TORONTO—Ontario will be the first province to stop paying for high doses of long-acting opioids as part of a push to reduce the “growing problem” of addiction to the pain-killers in the province.
The Ministry of Health said that in January, 2017, high doses of the pain-killers will be removed from the Ontario Drug Benefit Formulary, which covers the cost of drugs for people who are 65 or older, live in a long-term care home, receive social assistance, or have high drug costs relative to their income.
It’s a decision that Dr. David Juurlink, head of the division of clinical pharmacology and toxicology at Sunnybrook Health Sciences Centre in Toronto, said is a “good move” on the government’s part because it may discourage doctors from prescribing unnecessarily-high doses of the drugs.
“We’re starting to see doctors prescribe them somewhat less regularly, but they are still used very, very often,” Juurlink noted.
“And, I think, too often.”
The affected drugs include 200-mg tablets of morphine, 24-g and 30-mg capsules of hydromorphone, and 75-microgram per hour and 100-microgram per hour patches of fentanyl.
But the change doesn’t affect lower doses of the drugs, which the ministry said actually can be more effective than high doses.
Ontario’s health minister said in a written statement that de-listing the drugs is an “important first step” in limiting high doses of opioids, which he noted are linked to overdose deaths.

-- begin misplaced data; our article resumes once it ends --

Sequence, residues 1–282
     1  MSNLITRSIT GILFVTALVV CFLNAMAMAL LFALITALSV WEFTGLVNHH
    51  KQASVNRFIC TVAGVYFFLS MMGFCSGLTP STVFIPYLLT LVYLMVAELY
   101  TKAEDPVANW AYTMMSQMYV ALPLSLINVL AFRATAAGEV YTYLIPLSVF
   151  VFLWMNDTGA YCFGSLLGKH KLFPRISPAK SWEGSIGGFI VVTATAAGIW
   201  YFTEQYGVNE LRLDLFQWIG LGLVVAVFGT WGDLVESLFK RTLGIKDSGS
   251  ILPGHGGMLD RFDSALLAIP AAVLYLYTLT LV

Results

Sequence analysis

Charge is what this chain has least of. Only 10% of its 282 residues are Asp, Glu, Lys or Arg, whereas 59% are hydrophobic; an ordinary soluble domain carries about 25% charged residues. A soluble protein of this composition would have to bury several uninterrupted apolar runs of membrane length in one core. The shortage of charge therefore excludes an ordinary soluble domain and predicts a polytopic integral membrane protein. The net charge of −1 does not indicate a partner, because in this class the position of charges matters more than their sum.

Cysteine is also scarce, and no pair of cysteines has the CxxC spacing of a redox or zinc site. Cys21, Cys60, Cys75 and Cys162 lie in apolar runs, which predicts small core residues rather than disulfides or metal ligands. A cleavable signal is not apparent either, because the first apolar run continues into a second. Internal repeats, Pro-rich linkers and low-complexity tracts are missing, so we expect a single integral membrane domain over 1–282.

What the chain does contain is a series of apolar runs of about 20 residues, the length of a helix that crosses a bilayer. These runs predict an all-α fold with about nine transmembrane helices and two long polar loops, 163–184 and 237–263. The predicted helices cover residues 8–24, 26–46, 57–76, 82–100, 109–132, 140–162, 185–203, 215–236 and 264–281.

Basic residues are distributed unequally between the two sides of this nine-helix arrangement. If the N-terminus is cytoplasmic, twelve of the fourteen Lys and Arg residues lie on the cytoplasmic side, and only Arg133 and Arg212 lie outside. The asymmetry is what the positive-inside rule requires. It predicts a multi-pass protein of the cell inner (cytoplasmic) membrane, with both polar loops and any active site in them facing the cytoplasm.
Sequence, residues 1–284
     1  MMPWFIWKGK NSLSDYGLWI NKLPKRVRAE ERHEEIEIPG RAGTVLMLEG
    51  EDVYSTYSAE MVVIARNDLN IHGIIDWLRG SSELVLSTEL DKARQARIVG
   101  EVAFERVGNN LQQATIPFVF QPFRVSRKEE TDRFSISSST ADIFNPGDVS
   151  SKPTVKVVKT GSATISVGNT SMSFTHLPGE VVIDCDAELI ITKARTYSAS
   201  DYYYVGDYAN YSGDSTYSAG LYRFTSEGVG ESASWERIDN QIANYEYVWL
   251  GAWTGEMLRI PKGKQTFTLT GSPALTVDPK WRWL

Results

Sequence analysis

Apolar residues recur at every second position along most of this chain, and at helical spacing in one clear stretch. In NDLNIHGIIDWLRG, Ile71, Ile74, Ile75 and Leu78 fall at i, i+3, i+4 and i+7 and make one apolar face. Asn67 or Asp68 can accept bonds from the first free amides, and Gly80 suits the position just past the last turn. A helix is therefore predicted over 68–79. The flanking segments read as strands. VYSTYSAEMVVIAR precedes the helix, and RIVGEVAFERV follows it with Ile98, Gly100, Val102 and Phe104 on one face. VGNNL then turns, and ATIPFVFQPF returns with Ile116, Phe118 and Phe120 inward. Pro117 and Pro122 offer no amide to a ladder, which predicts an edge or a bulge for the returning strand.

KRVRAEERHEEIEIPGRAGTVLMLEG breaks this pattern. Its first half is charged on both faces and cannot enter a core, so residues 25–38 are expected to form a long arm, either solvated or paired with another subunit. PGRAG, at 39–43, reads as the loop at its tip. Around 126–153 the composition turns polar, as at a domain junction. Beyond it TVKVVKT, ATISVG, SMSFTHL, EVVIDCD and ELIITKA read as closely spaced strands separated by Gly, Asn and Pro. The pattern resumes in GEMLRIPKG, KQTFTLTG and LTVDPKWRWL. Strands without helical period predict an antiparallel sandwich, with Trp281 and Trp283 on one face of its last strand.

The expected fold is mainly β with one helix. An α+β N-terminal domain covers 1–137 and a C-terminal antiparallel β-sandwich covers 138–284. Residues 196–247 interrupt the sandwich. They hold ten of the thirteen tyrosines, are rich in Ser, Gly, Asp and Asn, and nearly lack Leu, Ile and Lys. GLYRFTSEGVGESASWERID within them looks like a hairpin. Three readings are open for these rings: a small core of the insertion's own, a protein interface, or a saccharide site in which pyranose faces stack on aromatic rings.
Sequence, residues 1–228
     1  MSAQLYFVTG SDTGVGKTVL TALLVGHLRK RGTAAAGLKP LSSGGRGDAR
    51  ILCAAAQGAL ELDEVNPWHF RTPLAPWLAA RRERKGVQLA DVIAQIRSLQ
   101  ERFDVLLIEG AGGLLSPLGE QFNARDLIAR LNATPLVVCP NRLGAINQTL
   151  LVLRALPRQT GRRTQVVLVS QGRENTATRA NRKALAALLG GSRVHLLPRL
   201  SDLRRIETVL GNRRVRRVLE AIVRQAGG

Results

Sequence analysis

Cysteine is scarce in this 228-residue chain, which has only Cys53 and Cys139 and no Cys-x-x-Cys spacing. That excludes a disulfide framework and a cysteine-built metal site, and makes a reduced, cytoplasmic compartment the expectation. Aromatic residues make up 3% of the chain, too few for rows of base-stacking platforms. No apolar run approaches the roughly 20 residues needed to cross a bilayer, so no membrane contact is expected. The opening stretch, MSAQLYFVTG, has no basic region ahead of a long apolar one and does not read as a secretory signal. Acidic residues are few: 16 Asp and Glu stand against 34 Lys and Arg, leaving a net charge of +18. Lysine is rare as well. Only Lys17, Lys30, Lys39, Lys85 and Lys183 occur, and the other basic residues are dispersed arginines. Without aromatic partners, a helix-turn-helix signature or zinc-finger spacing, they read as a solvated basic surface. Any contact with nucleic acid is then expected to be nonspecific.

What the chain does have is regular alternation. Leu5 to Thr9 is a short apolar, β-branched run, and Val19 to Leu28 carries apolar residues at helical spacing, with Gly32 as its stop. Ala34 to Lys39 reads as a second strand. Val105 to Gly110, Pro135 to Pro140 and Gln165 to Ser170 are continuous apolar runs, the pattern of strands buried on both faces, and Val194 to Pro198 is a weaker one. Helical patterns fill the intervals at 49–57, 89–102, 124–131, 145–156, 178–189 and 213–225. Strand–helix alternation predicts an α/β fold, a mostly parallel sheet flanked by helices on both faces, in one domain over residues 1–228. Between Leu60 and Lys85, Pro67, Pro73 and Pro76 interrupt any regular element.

Dr. Tara Gomes, who works at St. Michael’s Hospital and is a principal researcher for the Ontario Drug Policy Research Network, said these high doses of opioids can get people addicted—and even cause an overdose—with just one use.
Gomes was the lead author of a 2014 study that found Ontario dispensed the most high-dose oxycodone and fentanyl in the country per capita between 2006 and 2011.
The study showed that across the country, the rate of dispensing high-dose opioids rose 23 percent over the same period.
Juurlink, who also was an author on the study, said opioid addiction reaches beyond just Ontario and Canada.
He noted the over-prescription of high doses of the drugs is “a North American issue.”
Prescribing high doses of the drugs is particularly problematic because drug addicts, and people looking to “make a buck” by selling their prescriptions, are more likely to look for higher concentrations, Juurlink said.
But he noted there are some legitimate uses for high doses, like in end-of-life care.
“I’ve heard grumblings [about the announcement], mostly from the palliative care communities,” Juurlink said.
But he noted doctors who need to prescribe a higher dose can instruct their patients to scale up the number of pills they take.
He said the same could be done for patients who don’t necessarily need high doses, but that this move may encourage doctors think critically about why they prescribe such high dosages.
And Gomes noted the high dosages still will be available in the province.
They just won’t be refunded to patients under the Ontario Drug Benefit Formulary, so patients will have to pay out-of-pocket or use insurance to buy them.